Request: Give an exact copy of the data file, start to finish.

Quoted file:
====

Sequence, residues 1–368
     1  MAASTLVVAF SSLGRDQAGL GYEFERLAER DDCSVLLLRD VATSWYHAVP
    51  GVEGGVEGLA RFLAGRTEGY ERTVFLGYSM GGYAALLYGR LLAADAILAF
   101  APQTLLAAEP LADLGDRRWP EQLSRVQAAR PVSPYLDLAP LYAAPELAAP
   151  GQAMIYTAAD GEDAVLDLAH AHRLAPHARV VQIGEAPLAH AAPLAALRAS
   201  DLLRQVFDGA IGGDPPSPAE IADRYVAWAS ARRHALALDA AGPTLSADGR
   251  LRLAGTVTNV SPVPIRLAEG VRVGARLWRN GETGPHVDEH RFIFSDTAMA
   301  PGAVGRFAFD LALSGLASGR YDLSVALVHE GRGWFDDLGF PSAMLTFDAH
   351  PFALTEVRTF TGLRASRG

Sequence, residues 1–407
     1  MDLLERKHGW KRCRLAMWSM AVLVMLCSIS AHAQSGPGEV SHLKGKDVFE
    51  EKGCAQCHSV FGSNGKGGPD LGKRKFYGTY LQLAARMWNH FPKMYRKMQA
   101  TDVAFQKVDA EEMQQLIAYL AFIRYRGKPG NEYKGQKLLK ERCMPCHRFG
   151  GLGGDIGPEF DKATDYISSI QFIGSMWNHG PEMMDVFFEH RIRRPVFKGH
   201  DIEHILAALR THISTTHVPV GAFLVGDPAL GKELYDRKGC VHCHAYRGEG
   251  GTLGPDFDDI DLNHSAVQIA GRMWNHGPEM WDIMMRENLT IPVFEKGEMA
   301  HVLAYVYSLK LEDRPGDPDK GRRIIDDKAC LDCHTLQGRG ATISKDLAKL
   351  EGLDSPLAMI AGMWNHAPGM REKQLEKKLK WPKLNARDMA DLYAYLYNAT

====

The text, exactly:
Sequence, residues 1–368
     1  MAASTLVVAF SSLGRDQAGL GYEFERLAER DDCSVLLLRD VATSWYHAVP
    51  GVEGGVEGLA RFLAGRTEGY ERTVFLGYSM GGYAALLYGR LLAADAILAF
   101  APQTLLAAEP LADLGDRRWP EQLSRVQAAR PVSPYLDLAP LYAAPELAAP
   151  GQAMIYTAAD GEDAVLDLAH AHRLAPHARV VQIGEAPLAH AAPLAALRAS
   201  DLLRQVFDGA IGGDPPSPAE IADRYVAWAS ARRHALALDA AGPTLSADGR
   251  LRLAGTVTNV SPVPIRLAEG VRVGARLWRN GETGPHVDEH RFIFSDTAMA
   301  PGAVGRFAFD LALSGLASGR YDLSVALVHE GRGWFDDLGF PSAMLTFDAH
   351  PFALTEVRTF TGLRASRG

Sequence, residues 1–407
     1  MDLLERKHGW KRCRLAMWSM AVLVMLCSIS AHAQSGPGEV SHLKGKDVFE
    51  EKGCAQCHSV FGSNGKGGPD LGKRKFYGTY LQLAARMWNH FPKMYRKMQA
   101  TDVAFQKVDA EEMQQLIAYL AFIRYRGKPG NEYKGQKLLK ERCMPCHRFG
   151  GLGGDIGPEF DKATDYISSI QFIGSMWNHG PEMMDVFFEH RIRRPVFKGH
   201  DIEHILAALR THISTTHVPV GAFLVGDPAL GKELYDRKGC VHCHAYRGEG
   251  GTLGPDFDDI DLNHSAVQIA GRMWNHGPEM WDIMMRENLT IPVFEKGEMA
   301  HVLAYVYSLK LEDRPGDPDK GRRIIDDKAC LDCHTLQGRG ATISKDLAKL
   351  EGLDSPLAMI AGMWNHAPGM REKQLEKKLK WPKLNARDMA DLYAYLYNAT